Wrong. Both times.
They questioned my competence in writing and they had a friend who visited and he knew the sound was wrong.
Britain was the first to transmit residential TV reception and many of the early sets were a little crude, but one customer had one tech stumped when she told the guy she was getting last weeks programs.
On questioning he found that when she compared her favourite soap to her neighbor, her neighbor was a week ahead with the plot.
After trying to humour her to no avail, he spoke to the neighbor and all came clear.
The spot they were both located in was on the fringe of a London transmitter and a UK midlands transmitter, anyone in the area had the choice of picking which station to pick up.
Each neighbor had different stations and the customers station showed the soap a week later.:p
Max.
 

Roderick Young

Joined Feb 22, 2015
408
Not always.
I hated my job fixing TV's so much that I still occasionally take one out to the concrete and beat it to death with a hammer.:D
Are you kidding? I LOVED fixing TV's, that's how I got my start in electronics. Everyone thought I was so smart. One girl told me that "if you can fix this for me, I'll show you how a girl thanks a guy."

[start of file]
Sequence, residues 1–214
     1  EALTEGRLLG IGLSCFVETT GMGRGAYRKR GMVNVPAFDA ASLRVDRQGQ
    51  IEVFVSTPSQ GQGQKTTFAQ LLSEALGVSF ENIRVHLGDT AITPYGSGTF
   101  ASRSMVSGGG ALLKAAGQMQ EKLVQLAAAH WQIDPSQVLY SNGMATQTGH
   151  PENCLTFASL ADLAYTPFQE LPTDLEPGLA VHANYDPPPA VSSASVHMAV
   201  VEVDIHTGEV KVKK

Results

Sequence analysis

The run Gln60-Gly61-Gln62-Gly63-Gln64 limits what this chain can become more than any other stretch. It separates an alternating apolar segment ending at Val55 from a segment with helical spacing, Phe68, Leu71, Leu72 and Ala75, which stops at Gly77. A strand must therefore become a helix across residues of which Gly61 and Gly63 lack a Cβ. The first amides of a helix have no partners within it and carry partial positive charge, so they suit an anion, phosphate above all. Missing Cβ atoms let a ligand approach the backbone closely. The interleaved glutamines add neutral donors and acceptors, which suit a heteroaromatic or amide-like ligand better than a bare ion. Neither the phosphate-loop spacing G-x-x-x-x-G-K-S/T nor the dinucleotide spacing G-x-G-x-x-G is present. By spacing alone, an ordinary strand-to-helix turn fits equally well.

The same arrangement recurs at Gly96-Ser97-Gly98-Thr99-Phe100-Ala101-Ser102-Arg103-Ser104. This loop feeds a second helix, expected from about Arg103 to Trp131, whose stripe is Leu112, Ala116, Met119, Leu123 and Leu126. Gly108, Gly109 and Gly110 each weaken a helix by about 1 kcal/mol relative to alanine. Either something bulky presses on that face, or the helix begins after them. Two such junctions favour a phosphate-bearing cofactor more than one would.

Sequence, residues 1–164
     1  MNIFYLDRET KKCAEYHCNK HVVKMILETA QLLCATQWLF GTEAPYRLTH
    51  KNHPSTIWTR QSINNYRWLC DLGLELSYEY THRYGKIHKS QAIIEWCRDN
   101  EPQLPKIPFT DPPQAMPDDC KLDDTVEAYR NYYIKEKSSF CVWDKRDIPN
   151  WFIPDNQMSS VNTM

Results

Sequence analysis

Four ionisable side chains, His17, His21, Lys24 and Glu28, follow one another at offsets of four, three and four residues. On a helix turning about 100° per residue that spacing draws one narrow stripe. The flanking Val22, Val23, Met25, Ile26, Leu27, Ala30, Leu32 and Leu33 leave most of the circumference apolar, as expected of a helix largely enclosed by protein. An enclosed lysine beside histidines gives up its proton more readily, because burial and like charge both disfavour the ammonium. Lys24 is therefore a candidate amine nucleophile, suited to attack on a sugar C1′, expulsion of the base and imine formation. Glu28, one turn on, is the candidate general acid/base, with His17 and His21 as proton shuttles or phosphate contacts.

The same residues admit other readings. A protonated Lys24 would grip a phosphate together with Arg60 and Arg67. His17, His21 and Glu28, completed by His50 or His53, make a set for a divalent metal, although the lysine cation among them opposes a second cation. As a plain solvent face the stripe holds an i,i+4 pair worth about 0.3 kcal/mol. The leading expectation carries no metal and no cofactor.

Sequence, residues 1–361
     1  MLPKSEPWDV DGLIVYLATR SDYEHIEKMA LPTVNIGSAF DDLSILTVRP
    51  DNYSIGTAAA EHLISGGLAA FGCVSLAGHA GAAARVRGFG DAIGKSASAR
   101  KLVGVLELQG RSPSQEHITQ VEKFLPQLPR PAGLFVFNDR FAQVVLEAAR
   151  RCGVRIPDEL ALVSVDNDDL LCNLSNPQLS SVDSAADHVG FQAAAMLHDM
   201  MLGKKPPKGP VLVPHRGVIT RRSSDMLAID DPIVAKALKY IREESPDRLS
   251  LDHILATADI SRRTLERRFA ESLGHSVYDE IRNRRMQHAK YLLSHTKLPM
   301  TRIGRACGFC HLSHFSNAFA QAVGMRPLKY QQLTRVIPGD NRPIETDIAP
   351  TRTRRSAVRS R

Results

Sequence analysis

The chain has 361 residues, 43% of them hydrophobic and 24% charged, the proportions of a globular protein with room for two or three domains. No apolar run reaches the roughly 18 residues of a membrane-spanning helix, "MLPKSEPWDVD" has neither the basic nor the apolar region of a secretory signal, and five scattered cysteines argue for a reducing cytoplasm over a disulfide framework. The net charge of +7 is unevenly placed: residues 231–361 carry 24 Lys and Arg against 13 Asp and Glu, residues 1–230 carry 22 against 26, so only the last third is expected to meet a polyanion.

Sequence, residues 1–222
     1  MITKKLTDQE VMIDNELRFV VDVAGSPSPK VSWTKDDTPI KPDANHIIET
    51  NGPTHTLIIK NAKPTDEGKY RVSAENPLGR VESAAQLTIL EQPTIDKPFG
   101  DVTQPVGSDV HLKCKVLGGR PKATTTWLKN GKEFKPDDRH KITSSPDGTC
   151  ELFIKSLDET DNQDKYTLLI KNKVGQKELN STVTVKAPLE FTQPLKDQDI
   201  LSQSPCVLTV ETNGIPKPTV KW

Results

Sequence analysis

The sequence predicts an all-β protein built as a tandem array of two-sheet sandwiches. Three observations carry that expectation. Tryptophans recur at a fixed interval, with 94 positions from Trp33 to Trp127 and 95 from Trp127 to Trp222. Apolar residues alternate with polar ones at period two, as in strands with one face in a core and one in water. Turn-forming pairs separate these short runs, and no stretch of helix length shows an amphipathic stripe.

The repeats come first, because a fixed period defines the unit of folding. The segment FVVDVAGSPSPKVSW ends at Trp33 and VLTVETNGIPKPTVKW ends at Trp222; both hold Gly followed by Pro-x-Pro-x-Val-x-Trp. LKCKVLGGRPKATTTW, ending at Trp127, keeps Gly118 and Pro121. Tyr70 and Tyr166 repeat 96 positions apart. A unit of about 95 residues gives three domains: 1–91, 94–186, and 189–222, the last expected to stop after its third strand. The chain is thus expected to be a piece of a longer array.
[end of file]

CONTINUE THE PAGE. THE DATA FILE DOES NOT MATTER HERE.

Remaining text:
AnalogKid

Joined Aug 1, 2013
8,939
We could go to Off Topic and make a Thread about insane customers.
When it comes to the frustrations of explaining technical things to non-technical people, the classic analogy is "It's like trying to explain color to a blind man."

No, it isn't. I've explained color, and sine waves and characteristic impedance, to a blind man; twice. Far more difficult, and sometimes outright dangerous, is trying to explain red to a colorblind man.

Depending on who you ask, around 8% to 11% of the US white male population has some degree of color blindness. More definitive testing under rigidly controlled conditions indicate that it's more like 33%. Most interesting is that the vast majority, particularly those with "just a touch" of color blindness, are completely unaware. Explaining some aspect of perception to someone who already knows that their perception of the reality around them is incomplete, or lacking, or deficient is relatively easy. It is far harder to convince someone who is sure that their reality is right and that their perceptions are accurate and true, that in fact they are missing something, that others *physically* see the world differently. Compared to that, winning an argument in this ultra-contentions political season is trivial.

ak